British Cycling launches its first Women and Girls’ Club Toolkit

British Cycling launches its first Women and Girls’ Club Toolkit

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British Cycling has this week launched its first Women and Girls’ Club Toolkit, the latest step in its #OneinaMillion campaign to reduce the historic gender gap within cycling.

The toolkit, which will be distributed to each and every one of British Cycling’s 1845 affiliated clubs across the country, contains advice, tips and best-practice examples of making the cycling club environment as appealing as possible to prospective female members.

While huge strides have been made in encouraging more women into both competitive and recreational cycling, only 18% of overall affiliated club membership is currently female.

In launching the toolkit, British Cycling has highlighted the barriers which research shows still exist to female participation, and outlined ways in which clubs can overcome these and thus increase its female membership.

British Cycling’s Head of Programme Design, Jill Puttnam explains:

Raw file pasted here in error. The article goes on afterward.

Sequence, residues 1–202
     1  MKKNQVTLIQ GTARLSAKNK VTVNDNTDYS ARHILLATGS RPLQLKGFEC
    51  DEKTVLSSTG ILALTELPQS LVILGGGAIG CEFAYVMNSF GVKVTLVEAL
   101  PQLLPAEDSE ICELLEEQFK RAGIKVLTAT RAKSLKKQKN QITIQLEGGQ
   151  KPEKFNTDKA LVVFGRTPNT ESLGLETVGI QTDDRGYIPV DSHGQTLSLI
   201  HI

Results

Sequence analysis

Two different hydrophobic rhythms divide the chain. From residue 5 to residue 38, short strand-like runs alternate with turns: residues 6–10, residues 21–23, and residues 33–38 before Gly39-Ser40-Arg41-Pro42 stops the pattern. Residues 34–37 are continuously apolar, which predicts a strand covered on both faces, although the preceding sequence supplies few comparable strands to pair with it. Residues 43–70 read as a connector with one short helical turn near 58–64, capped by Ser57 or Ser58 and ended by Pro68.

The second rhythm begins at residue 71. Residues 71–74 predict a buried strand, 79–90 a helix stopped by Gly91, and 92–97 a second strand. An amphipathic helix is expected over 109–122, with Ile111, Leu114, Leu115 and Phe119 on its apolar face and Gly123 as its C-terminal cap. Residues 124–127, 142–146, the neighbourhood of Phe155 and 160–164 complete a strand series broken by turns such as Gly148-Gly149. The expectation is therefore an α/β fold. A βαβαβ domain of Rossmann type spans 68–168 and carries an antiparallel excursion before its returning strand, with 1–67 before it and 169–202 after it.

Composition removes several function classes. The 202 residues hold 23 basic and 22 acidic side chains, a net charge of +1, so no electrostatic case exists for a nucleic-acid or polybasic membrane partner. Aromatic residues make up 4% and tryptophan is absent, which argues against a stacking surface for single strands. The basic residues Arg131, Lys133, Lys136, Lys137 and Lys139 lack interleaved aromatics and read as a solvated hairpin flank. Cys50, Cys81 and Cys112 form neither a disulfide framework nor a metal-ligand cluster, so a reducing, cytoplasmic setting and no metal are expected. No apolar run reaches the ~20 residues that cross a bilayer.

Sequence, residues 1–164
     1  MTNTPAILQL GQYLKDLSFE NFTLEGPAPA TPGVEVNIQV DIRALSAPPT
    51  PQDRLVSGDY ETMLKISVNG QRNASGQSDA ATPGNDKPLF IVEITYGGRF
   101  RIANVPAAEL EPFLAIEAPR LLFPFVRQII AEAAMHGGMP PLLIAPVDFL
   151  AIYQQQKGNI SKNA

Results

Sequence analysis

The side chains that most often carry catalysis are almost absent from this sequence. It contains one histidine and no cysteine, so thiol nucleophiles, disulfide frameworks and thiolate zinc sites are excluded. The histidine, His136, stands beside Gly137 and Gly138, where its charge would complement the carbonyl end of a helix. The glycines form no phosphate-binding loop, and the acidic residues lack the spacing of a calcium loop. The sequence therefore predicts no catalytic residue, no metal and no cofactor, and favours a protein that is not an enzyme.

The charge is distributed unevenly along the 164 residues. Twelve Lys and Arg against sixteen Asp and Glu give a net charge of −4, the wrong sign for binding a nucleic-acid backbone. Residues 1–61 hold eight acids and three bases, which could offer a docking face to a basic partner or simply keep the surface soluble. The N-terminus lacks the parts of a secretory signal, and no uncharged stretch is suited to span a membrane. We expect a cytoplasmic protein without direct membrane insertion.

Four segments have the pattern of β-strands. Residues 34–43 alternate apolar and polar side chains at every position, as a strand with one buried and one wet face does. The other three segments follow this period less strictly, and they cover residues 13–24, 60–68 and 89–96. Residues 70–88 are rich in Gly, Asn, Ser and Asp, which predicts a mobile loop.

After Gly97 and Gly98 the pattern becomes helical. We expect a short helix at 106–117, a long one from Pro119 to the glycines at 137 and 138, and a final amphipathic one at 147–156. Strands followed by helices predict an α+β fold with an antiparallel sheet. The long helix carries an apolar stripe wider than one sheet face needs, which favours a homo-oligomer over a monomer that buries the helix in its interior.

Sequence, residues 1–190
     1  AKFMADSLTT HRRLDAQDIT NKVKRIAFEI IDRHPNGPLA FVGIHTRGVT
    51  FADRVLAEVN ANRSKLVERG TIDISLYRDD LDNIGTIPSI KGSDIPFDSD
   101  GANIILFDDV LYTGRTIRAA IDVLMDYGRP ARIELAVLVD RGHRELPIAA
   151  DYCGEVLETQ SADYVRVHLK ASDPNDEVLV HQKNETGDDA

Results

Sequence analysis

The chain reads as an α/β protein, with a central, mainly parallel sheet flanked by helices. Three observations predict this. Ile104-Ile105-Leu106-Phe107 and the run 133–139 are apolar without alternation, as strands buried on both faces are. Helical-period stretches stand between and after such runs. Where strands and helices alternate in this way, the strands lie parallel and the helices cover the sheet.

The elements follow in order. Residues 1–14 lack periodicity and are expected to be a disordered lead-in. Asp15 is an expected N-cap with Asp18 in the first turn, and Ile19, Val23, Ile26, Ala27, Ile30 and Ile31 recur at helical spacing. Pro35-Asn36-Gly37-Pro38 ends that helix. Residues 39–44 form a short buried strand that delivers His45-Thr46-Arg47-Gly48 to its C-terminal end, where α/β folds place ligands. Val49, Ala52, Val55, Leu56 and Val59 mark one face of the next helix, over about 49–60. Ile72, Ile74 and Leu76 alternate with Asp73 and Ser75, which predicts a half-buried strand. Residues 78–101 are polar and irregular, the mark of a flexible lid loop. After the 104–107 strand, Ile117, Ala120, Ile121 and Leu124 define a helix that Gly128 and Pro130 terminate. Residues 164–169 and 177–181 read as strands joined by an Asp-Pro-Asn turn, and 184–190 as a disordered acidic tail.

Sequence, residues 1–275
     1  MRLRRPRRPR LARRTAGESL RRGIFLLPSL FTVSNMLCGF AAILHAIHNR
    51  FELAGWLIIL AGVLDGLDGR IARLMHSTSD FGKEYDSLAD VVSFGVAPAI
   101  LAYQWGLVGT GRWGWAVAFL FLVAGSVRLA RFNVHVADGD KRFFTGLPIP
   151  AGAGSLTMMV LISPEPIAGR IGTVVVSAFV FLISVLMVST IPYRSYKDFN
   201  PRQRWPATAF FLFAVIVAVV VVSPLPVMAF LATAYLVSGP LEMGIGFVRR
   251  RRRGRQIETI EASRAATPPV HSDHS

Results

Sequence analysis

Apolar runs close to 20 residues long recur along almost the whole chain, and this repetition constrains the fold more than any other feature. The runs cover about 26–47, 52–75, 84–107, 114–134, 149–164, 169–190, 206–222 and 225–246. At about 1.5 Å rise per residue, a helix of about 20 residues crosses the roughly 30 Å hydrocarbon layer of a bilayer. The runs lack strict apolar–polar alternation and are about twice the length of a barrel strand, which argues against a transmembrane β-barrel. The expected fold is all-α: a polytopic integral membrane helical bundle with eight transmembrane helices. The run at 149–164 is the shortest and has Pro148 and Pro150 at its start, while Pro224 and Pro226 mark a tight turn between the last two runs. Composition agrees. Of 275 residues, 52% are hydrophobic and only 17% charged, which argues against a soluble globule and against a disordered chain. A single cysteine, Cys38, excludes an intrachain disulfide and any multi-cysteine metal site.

“We know that there are huge, ever-growing numbers of women cycling, and playing active roles in the sport throughout the country. However, the figure that shows that only 18% of club members are female highlights that there is still work to do in ensuring that women see a cycling club as an environment that is suitable to them.

“We have launched this toolkit to work alongside clubs to help this to happen. Some clubs are doing fantastic work in recruiting more women and girls, but we know that others want to do more but lack the time and resource, which is where we hope this toolkit will help.

“There are clear and achievable steps which clubs can take, all of which are informed by research, which would make a real difference to both the levels of female participation and the health of individual clubs.”

Since launching its Women’s Strategy in 2013, British Cycling has made significant advancements in inspiring more women to get into cycling, as it strives to narrow the sport’s gender gap. Further information is available here, while the toolkit is available to download here.